Jewel Reflects on Being Homeless and the Pivotal Moment That Turned It Around (Exclusive)
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Pop Stars: Then & Now

The singer found herself living in her car after turning down a boss' sexual advances, a decision she's "proud" of to this day.

Jewel's life really has come full circle.

The singer, who first achieved fame in 1995 with her mega-hit "Who Will Save Your Soul," survived a year of homelessness before making it big. While she has always been an advocate for at-risk youth in similar situations, the singer is taking that fight to a new platform -- by co-producing a documentary about homeless youth and releasing a heartfelt ballad as the project's official theme.

The documentary is called "Lost In America," while the new song -- out today -- is titled "No More Tears."

"I wrote the song during the filming of the documentary," Jewel said in an interview with TooFab, "It was just being moved by the story. The story was really moving and really touching and we decided to put it into a soundtrack." Her goal with the film, directed by Rotimi Rainwater and co-produced by Halle Berry and Rosario Dawson, is to "build empathy for the struggles we all have" and make it impossible for homeless youth to "remain invisible."

She added, "The stories you learn of these kids, they're just chilling."

Speaking about her own "brief experience" with homelessness before she found success, Jewel explained how it inspired the new song.

"I was propositioned by a boss, and when I wouldn't have sex with him, he wouldn't give me my paycheck," she explained. "I couldn't pay my rent that month and I got kicked out of where I was living. I was living in my car, thinking it would only last a couple of months before I could get another job -- and then my car got stolen."

"The poverty cycle is very hard to get out of. It's very hard to get legal work when you're underage. So the song is really about these investments we make into our humanity and believing in ourselves even when nobody else will," she continued. "And knowing that there really is a future. If you look at yourself and say, 'I don't want to kill myself. I believe there's a better future for me,' that's an incredible act of defiance in and of itself. I couldn't have imagined the future that was ahead of me but I believe that future awaits everybody if we can pick ourselves up and convert our pain into beauty."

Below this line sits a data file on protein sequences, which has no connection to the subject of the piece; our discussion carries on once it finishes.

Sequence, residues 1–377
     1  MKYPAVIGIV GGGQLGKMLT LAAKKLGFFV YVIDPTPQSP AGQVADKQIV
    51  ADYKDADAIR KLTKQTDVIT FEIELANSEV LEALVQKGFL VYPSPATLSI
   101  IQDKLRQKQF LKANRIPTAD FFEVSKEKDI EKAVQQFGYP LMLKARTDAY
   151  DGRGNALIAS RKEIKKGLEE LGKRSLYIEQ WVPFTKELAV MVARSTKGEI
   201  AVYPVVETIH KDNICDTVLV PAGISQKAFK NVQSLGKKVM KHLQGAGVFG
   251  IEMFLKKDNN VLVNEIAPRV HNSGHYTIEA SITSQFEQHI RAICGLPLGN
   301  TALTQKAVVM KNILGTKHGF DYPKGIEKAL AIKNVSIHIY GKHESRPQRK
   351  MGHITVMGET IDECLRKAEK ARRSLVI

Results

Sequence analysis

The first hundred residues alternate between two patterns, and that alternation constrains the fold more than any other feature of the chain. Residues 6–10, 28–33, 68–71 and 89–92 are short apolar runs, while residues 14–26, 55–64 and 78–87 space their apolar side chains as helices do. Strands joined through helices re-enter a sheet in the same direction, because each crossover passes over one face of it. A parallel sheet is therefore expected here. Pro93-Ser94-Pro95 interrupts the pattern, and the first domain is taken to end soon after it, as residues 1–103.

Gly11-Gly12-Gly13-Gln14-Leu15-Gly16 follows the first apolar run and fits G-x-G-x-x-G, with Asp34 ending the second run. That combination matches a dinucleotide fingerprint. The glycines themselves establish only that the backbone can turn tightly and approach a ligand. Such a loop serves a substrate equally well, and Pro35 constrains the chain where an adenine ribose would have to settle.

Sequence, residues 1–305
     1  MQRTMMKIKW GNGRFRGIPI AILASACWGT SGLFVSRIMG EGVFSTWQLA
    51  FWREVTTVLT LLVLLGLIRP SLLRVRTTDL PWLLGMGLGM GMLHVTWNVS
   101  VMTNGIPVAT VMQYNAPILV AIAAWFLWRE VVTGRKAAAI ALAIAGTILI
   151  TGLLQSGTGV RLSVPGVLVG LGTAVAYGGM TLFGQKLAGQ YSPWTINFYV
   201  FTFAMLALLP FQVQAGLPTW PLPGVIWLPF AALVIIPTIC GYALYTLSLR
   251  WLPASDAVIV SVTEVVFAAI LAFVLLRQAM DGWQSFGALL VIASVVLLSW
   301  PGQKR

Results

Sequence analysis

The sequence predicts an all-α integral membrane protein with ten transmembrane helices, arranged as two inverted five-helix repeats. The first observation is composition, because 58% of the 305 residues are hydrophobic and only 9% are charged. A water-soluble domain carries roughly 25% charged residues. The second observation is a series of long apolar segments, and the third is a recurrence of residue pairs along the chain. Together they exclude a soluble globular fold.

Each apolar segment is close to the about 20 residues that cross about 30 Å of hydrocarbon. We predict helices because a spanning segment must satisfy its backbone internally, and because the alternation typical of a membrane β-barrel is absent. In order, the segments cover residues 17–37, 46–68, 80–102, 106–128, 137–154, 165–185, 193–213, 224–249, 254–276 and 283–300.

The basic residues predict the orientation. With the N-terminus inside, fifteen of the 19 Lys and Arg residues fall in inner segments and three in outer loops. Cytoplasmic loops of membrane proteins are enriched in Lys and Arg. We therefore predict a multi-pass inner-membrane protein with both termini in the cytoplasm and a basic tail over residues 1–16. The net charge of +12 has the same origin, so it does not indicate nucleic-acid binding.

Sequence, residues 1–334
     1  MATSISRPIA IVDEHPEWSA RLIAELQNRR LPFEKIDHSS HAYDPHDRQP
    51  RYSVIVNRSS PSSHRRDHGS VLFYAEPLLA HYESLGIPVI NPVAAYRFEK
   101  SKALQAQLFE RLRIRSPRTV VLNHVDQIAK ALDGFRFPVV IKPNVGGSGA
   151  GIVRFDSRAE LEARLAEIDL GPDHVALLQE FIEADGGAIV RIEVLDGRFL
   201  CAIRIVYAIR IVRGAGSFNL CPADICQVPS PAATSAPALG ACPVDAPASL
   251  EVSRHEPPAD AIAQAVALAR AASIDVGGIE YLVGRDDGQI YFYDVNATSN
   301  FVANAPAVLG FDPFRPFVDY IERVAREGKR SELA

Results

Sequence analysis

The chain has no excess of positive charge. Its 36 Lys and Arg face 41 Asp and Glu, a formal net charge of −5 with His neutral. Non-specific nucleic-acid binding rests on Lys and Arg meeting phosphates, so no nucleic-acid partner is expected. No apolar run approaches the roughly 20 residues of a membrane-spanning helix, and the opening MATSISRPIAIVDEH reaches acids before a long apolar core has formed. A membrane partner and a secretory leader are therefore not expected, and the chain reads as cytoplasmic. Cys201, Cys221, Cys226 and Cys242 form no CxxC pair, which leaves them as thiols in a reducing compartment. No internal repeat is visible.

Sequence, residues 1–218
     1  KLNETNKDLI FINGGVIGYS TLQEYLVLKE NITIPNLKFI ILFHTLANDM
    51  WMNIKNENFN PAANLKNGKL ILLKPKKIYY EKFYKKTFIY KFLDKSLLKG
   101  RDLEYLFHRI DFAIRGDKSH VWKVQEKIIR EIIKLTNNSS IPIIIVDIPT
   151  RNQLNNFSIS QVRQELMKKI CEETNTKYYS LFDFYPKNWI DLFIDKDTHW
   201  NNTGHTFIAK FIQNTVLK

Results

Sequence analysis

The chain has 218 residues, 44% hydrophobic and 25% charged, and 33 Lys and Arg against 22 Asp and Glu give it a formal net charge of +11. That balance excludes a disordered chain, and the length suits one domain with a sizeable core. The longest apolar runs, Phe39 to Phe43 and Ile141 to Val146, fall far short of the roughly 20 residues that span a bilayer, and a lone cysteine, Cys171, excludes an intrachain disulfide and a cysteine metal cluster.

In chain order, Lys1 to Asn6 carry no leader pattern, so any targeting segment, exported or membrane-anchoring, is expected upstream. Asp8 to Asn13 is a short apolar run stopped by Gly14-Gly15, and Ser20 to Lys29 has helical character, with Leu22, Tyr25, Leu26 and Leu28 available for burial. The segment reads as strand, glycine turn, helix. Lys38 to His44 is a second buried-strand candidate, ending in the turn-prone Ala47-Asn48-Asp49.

Calling her time living out of her car the "best worst year of my life," Jewel said she's still very "proud" of her decision-making at the time and what she overcame.

"That story could've gone either way. I worked my heiney off for it to go this way, and I've continued. It hasn't been an easy road since. But it's been a great road, and better than I ever could've dreamed," she said. "I'm proud that I turned my boss down, I'm proud that I believed in myself enough to live in my car. And even though it got worse before it got better, it got better in a way that wouldn't have been possible if I'd compromised myself and slept with my boss."

The singer can pinpoint when things began to turn around for her and the pivotal moment that really made her take stock of her situation.

"For me, it was a moment where I was shoplifting, I was trying to steal a dress in a fitting room and I was shoving this dress down my pants, and I looked at my reflection and I was like, 'Oh my god, I'm a statistic. I'm going to end up in jail or dead if I don't do something,'" she recalled.

"I remembered this quote that's credited to Buddha, saying, 'Happiness doesn't depend on who you are or what you have, it depends on what you think.' And I realized in that moment nobody was coming for me, I was coming for myself," she explained. "I couldn't blame anybody, I wasn't a victim. I had to take accountability no matter what had happened to me in the past. My future was mine. And I could be mad, and be a victim, and keep feeling, or I could really learn to curate my thoughts and learn to rely on myself."

Looking back, Jewel calls her year of being homeless "a very transformational year" and one that "definitely informed" her career going forward. "I took it very seriously and I felt like I was near death or near the edge and I didn't have the luxury of goofing around," she explained.

Because of her experience, she later found that she "never cared about fame and money" and cared more "about people and how we're doing." It also led to her making sure she made time for herself as her career took off, taking time between records "to make sure that my sanity is intact."

Her debut album, "Pieces of You," was released in 1995 to huge success. Not only did it spawn the hits "Who Will Save You Soul," "You Were Meant for Me" and "Foolish Games," she racked up three Grammy nominations for the album.

Next year, it will be 25 years since the "Pieces of You" first dropped. Now, Jewel said she feels like she's "lived nine lives since then," but added it also still "feels like yesterday." As for the surreal moments that stand out when she gets nostalgic, Jewel said being on the cover of Time Magazine and singing for the Pope at the Vatican were definitely noteworthy.

"And singing with [Bob] Dylan, those were three moments where I was like, 'Wow.'"

In 2020, Jewel is planning to release a new album, her first since 2015. She said the project is something that comes from a "really raw and honest place."

"I think I wrote about 200 songs for this record and didn't like any of what I was writing. It was competent, clever probably, but it wasn't striking me personally as the best I could do, or fresh, or pushing new boundaries inside myself," she said. "And so I worked really hard to push through that, just as a personal journey as an artist, and I'm really proud at what I've been able to do."

The "Lost In America" documentary will be released in 2020. Click here for updates.

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